Tongue depressor

From Wikipedia, the free encyclopedia
Jump to navigation Jump to search
Tongue depressor

A tongue depressor (sometimes called spatula[1]) is a tool used in medical practice to depress the tongue to allow for examination of the mouth and throat. The most common modern tongue depressors are flat, thin, wooden blades, smoothed and rounded at both ends,[2] but, historically, tongue depressors have been made of a variety of materials.[3] Since they are inexpensive and difficult to clean because of their porous texture, wooden tongue depressors are labeled for disposal after a single usage.[4]

A tongue depressor may be inserted over the tongue to facilitate insertion of an oral airway and prevent downfolding of the tongue, which could impair venous and lymphatic drainage, causing tongue swelling and airway obstruction.

Hobbyists and teachers have found a multitude of uses for tongue depressors (sometimes called "craft sticks", "popsicle sticks", or "icy pole sticks") in their projects.[5][6] Tongue depressors may be used to form so-called "stick bombs".

Earlier versions of depressors were made from balsa, pine, or redwood woods. Tongue depressors made from wood and metal exist from the American Civil War.[7]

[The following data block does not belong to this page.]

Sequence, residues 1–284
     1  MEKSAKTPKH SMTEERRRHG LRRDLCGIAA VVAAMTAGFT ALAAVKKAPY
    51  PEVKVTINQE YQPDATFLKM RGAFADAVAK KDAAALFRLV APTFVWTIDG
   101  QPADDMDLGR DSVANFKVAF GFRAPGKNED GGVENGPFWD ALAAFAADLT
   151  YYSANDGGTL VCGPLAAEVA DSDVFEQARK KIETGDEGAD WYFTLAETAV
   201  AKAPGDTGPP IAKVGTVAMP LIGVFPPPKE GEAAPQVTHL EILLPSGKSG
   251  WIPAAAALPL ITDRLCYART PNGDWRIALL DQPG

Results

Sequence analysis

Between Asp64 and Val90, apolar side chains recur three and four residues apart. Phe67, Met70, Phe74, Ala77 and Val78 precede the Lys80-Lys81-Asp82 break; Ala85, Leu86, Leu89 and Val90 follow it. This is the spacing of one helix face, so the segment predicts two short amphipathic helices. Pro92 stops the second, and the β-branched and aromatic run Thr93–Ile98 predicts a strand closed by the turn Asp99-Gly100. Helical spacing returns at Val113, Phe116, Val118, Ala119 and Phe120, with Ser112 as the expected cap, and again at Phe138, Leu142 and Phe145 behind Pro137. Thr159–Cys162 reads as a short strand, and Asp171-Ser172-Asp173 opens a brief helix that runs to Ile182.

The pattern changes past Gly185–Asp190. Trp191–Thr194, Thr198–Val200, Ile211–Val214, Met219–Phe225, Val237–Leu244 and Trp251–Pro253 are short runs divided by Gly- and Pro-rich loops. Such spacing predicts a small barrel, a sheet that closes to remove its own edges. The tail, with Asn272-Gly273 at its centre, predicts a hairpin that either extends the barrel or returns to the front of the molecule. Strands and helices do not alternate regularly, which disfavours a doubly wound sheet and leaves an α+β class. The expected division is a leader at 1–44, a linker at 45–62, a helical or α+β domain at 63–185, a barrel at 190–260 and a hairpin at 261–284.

References[edit]

  1. ^ "Spatula", Collins Dictionary of Medicine, Robert M. Youngson 2004, 2005
  2. ^ Mirriam-Webster's Medical Dictionary
  3. ^ Cohen, J Solis. Diseases of the Throat and Nasal Passages: A Guide to the Diagnosis and Treatment of Affections of the Pharynx, Oesophagus, Trachea, Larynx, and Nares. Chapter II, Examination of the Throat and Nasal Passages. Published by W. Wood, 1884, 742 pp.
  4. ^ Landro, L. Hospitals Reuse Medical Devices To Lower Costs Wall Street Journal March 19, 2008.
  5. ^ Kent Wood, Ric LaBan. N Scale Model Railroad That Grows Kalmbach Publishing, Co., 1996.
  6. ^ LaBritta Gilbert, Linda Greigg. Do touch: instant, easy hands-on learning experiences for young children Published by Gryphon House, Inc., 1989.
  7. ^ Echols, M. Items on the 1865 inventory list of the Conesus, N.Y. Military Hospital, June 2010.

External links[edit]